Sale of Gippsland gasfields shows gas is becoming a stranded asset

The announcement from ExxonMobil that it is planning to sell all its assets is enormous news for Gippsland.

The offshore oil and gas industry has been a creator of jobs and economic activity for decades and the sale will send shock waves through the region.

However, it is hard to imagine any company wanting to buy oil and gas fields that are clearly in steep decline.

Exxon’s exit shows that gas is becoming a stranded asset. It highlights the folly of encouraging continued or new investment in fossil fuels, and the need for a funded plan to transition workers away from old industries like oil and gas.

Industry wide change – like the closure of the Australian automobile industry – is always bad news for workers, their families and the businesses who rely on that sector. The support for the gas industry being shown by the current state government demonstrates just how out of touch the Andrews Government is. It is essential that the state government intervene to support workers through the transition that is coming and that the company help fund this work.

The best option in the short term is for the state government to get behind the Star of the South offshore wind project proposed for Bass Strait. This landmark project promises to deliver clean renewable energy to 1.2 million homes, create more than 10,000 indirect jobs in the construction phase, 2,000 direct construction jobs and 300 ongoing jobs during the project’s twenty-five-year operational lifespan. It will also avoid up to 10 million tonnes of polluting greenhouse gas emissions. Significantly, many of these jobs will be suitable for people previously involved in the offshore oil and gas sector.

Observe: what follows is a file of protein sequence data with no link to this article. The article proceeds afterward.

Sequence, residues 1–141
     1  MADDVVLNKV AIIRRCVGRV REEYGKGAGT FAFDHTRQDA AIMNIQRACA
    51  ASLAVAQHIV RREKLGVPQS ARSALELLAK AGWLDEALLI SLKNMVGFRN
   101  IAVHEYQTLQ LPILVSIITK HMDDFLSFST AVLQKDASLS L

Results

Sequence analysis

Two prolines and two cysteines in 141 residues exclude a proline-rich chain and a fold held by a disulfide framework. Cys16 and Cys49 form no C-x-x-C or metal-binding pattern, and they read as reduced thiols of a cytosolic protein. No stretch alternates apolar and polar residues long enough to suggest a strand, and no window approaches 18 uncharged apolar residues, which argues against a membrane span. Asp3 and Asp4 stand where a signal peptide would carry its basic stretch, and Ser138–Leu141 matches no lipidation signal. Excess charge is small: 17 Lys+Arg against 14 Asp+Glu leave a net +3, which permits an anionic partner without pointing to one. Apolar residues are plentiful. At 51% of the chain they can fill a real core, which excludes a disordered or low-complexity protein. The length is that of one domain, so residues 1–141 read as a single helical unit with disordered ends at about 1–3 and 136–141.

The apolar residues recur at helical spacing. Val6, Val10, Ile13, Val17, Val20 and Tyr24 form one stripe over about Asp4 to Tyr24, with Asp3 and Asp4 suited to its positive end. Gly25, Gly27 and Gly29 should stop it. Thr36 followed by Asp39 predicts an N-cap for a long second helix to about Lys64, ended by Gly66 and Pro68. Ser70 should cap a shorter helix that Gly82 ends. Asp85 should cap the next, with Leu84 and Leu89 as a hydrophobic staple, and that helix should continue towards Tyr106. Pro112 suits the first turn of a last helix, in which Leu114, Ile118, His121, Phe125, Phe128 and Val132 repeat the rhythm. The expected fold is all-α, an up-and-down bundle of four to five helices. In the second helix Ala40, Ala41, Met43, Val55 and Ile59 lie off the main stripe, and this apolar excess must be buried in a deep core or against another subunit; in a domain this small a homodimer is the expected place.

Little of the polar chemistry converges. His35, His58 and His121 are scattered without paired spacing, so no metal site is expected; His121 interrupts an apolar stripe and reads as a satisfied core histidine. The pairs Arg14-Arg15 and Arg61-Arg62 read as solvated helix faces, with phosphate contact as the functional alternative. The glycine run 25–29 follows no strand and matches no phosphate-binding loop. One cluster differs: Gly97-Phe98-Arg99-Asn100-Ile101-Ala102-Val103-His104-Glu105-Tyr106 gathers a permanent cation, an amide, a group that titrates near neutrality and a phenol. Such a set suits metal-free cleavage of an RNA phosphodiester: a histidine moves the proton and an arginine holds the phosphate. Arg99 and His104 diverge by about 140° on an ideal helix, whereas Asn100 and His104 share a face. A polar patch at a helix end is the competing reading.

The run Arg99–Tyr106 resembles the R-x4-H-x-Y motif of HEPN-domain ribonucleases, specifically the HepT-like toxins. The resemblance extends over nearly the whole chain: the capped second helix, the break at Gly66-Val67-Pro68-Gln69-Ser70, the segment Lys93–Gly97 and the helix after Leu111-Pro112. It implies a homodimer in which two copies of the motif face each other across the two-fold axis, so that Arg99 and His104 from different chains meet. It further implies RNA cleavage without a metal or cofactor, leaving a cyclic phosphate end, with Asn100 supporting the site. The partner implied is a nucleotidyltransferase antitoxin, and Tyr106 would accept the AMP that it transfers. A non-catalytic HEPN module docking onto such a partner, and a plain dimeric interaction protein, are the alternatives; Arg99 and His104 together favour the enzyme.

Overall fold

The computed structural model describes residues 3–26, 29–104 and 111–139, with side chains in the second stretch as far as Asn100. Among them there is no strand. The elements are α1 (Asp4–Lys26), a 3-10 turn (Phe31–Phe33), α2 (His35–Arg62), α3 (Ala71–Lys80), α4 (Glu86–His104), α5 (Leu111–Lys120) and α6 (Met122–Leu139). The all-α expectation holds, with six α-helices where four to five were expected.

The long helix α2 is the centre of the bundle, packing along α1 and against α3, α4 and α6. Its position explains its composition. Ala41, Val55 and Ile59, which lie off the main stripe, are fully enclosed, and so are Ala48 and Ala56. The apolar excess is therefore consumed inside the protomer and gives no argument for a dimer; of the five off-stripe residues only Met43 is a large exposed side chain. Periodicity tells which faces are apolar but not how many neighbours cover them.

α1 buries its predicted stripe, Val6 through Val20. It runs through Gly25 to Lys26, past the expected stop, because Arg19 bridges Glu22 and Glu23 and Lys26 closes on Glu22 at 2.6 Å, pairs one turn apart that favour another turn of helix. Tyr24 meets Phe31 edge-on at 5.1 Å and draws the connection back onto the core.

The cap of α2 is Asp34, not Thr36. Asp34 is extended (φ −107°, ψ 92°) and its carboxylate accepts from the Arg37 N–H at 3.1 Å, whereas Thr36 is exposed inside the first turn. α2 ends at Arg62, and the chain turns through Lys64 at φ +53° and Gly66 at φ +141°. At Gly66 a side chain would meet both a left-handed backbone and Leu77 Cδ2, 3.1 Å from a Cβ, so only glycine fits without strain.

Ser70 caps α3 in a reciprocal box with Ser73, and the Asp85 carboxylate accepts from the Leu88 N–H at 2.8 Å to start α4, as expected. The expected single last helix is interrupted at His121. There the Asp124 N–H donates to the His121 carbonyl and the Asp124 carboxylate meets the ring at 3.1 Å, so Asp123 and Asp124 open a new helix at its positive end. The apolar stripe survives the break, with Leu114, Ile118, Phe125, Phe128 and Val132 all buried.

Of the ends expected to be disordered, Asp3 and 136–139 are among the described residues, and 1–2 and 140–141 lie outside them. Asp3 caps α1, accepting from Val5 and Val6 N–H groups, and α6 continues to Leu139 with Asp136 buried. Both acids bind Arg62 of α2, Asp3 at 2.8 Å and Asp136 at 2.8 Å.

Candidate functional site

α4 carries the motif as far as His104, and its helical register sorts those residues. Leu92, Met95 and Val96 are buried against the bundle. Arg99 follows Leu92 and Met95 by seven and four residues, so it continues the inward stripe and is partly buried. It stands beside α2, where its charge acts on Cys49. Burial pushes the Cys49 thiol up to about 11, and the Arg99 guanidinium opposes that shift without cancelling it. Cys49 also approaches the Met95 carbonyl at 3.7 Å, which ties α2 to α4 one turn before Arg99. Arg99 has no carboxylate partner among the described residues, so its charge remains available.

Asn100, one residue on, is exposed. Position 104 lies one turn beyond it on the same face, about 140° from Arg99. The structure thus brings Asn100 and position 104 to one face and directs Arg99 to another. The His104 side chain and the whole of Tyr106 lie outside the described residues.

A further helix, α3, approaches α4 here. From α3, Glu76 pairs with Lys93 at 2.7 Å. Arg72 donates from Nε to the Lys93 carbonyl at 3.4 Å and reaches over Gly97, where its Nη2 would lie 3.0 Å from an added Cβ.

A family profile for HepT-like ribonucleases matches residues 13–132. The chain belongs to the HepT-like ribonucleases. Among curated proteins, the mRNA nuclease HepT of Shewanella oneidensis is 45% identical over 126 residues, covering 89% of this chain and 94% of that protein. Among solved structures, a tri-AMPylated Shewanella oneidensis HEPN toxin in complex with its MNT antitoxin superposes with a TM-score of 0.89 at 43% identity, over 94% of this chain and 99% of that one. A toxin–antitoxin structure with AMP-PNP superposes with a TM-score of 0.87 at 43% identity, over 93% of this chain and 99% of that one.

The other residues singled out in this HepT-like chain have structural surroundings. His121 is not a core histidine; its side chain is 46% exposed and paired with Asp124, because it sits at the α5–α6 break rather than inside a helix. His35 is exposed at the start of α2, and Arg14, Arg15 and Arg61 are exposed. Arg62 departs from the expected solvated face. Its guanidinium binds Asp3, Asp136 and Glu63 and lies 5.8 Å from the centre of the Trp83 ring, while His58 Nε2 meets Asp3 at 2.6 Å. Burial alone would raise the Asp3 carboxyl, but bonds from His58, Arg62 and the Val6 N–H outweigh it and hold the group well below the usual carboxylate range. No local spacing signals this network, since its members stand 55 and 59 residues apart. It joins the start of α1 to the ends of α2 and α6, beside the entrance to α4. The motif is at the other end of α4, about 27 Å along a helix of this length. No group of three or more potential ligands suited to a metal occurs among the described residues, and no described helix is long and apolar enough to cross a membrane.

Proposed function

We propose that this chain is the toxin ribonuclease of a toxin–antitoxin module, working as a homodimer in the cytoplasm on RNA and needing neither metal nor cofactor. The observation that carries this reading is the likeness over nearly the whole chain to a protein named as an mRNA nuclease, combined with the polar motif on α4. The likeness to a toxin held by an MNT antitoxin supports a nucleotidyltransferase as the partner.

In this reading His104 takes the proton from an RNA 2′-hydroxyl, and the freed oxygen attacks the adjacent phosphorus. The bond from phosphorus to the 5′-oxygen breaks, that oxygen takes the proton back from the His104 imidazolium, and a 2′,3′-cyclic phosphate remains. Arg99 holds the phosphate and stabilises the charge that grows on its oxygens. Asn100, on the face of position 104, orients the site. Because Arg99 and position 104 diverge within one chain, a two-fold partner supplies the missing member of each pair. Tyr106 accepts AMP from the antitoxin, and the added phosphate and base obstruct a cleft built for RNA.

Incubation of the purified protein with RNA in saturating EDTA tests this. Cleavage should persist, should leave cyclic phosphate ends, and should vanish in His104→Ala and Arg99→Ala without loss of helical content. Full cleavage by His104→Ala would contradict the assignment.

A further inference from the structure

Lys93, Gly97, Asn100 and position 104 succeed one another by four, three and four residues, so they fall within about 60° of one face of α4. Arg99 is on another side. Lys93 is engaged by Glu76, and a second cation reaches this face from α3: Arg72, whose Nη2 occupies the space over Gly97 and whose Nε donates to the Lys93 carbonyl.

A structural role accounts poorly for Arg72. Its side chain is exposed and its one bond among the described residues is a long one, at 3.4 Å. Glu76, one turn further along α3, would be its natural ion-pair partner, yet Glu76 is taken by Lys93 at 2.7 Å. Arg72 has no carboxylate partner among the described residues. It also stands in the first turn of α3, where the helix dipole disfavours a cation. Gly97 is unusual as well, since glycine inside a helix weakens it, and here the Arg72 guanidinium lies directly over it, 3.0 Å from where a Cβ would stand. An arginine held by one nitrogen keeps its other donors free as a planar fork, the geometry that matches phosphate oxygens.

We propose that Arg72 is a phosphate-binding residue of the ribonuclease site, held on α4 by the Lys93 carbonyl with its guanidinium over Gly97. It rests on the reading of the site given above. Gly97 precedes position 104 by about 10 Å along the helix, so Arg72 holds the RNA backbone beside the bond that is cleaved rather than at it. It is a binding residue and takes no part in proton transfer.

With transformation already underway across the energy sector, this announcement highlights the need for the Andrews government to create a Just Transition Authority and appoint a Minister for Transition.

To ensure good, secure union jobs are created in the transition away from oil, coal, and gas it is essential that affected unions such as the MUA are fully involved in discussions about the future of the offshore oil and gas fields.

As the offshore wind sector is likely to be built in Commonwealth waters, a national plan and guidelines to develop the sector must be developed as a matter of priority. The Victorian government should be prepared to collaborate with other states and the federal government to establish a fleet of specialised vessels for the construction of offshore wind projects.

Further details on FoE’s proposals for transformation of the energy sector in Victoria can be found here>>